Monday, 2 July 2012

Caffeine and Armageddon

Well, Mr. Wendig has put forth another challenge, and I, of course, have accepted.

This week, the idea was to write a story in 100 words or less that is only 3 sentences long.

I've written, I've checked and I've rewritten this a couple of times. I still made the silly mistake of not separating the sentences into separate paragraphs (I posted the entry proper in the comments section of his site), but I'll pick that up here and say no more about it.


"Caffeine and Armageddon" [format updated]

“The End is Nigh,” read the jaunty legend on the coffee cup, parked beneath a line circumscribed half an inch up from the base of the mug. As the computer before him whirred and beeped and clicked through the boot sequence, he took a long draught, glimpsing a matching line drawn inside the cup; seeing it made him smile wryly.

A sudden blast of noise from outside caught his attention and he turned, wide-eyed, to look out of the window as the cool Vermont morning was obliterated by an onrushing fury of flames and destruction.


Lessons learned:

1) Fuck, is flash fiction difficult or what? Some people responded to the challenge with six or seven word stories, each sentence two words long. I'll admit now that I found it hard to see the point of that, not because it is not worthy, but because that much pith requires serious effort to get right and none of them had seemed to put that in. I used to write lots of renga and haiku and I developed a feeling for the difference between my dabblings and verses that were masterful; the words were doing tons and tons of work in the best poems, so much so that I found them almost hard to read, or at least hard to read fast. So, in short, the briefer the format, the more difficult it becomes.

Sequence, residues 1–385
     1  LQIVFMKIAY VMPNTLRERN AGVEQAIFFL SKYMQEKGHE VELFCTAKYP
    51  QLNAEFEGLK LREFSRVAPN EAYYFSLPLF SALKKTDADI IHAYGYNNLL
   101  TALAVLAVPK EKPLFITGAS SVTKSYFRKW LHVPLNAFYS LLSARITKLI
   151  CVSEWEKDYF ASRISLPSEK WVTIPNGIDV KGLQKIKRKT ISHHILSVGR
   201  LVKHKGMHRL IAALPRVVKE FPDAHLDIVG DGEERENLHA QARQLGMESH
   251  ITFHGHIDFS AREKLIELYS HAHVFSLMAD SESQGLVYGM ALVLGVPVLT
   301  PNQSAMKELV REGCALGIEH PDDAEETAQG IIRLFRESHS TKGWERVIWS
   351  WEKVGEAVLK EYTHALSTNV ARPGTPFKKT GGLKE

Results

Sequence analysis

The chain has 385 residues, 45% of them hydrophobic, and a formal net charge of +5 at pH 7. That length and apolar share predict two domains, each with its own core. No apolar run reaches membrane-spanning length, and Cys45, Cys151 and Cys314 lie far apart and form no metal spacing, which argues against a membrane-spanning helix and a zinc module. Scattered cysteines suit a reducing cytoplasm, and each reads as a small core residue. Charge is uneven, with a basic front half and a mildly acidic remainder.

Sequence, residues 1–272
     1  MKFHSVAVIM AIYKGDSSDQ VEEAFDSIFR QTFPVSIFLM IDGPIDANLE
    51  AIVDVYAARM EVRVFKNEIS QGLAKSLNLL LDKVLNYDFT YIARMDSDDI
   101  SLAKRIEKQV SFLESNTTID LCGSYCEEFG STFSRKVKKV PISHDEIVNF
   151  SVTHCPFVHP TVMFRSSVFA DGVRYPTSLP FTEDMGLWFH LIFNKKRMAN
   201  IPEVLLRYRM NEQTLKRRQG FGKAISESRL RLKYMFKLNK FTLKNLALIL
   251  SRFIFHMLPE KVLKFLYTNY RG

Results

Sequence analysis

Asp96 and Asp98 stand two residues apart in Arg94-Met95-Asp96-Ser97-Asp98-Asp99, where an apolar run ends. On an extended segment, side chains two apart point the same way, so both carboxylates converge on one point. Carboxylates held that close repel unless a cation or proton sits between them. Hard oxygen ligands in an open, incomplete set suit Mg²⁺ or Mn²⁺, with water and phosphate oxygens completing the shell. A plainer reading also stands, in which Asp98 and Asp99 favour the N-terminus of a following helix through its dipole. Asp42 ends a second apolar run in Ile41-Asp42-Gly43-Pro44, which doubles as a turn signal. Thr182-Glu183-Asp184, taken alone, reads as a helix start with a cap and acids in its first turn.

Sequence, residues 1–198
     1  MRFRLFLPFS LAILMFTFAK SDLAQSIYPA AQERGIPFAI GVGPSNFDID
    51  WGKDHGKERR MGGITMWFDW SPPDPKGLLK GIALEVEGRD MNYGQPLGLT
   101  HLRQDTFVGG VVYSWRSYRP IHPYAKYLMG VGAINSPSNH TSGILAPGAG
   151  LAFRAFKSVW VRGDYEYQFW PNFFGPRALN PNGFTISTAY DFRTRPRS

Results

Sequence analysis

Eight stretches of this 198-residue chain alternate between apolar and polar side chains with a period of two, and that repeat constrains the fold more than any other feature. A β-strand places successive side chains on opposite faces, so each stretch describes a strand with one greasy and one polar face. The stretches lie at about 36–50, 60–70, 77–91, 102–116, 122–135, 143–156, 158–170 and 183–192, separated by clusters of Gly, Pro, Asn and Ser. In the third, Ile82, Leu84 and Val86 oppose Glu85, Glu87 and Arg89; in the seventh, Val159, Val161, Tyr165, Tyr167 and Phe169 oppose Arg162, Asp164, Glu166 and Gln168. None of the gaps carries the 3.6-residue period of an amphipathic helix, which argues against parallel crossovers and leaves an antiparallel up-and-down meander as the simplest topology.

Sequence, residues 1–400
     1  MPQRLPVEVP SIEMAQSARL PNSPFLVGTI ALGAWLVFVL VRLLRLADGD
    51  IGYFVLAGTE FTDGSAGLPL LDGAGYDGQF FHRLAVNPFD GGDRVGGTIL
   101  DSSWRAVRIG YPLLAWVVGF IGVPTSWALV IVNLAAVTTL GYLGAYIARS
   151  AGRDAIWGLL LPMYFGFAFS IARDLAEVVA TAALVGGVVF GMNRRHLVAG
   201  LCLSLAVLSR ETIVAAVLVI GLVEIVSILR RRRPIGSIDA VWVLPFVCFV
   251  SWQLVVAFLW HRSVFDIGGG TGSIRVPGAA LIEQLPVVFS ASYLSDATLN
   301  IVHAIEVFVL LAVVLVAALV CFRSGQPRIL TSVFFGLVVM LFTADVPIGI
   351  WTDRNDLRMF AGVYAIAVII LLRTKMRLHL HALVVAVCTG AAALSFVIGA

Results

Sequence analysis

2) I checked and rechecked those 100 words three or four times. I took me an hour to draft, redraft, correct and upload. I made changes to the uploaded text, I cut words out seconds before hitting "submit" and I changed the sounds of words to better suit the sense of the sentence. Now, novels and short stories are difference beasts, but come on, that's pretty solid stuff. I'd be retired before I finished a novel at that rate. Still not quite happy with the final result though.

3) Less is more. The final submission is shorter than the first draft. It is also, in my opinion, better. This isn't earth shattering news, but it does reinforce the advice of many sage voices.

4) Still suck at endings. Not happy with the rhythm of the last few words at the minute; suggestions appreciated.


  1. I'm only a want-to-be writer, but you gave me valuable advice today, so I'm going to attempt to pay it back.

    When I was visualizing what rushing flames and destruction looked like I thought of Independence Day when the aliens first blasted their primary weapon.

    ...obliterated by an onrushing wave of devouring flames and disintegrating debris.

    1. Thanks for sharing your thoughts Tevyn! There's nothing wrong with being a wannabe writer; I'm one too :)

      The last line is a real bugger, isn't it? I don't know about you, but I'm almost getting around to the idea that the story should be written like a one liner, or a short joke.

      The feeling I get is that the last five words need to feel *heavy*... it's the end of the world after all. Your reference to Independence Day is telling, very close to what I was aiming for, so that's positive.

      I think that, after your feedback, I may go and try a few more drafts, just to get it sounding better.

      Finally, I hope what meager advice I give is useful, if us aspirants stick together we might just end up getting there in the end!


Hey feel free to leave a comment about what you've seen or read, or just share your thoughts. It should go without saying that politeness and enjoyment are good, but we live in an imperfect world; play nice everyone!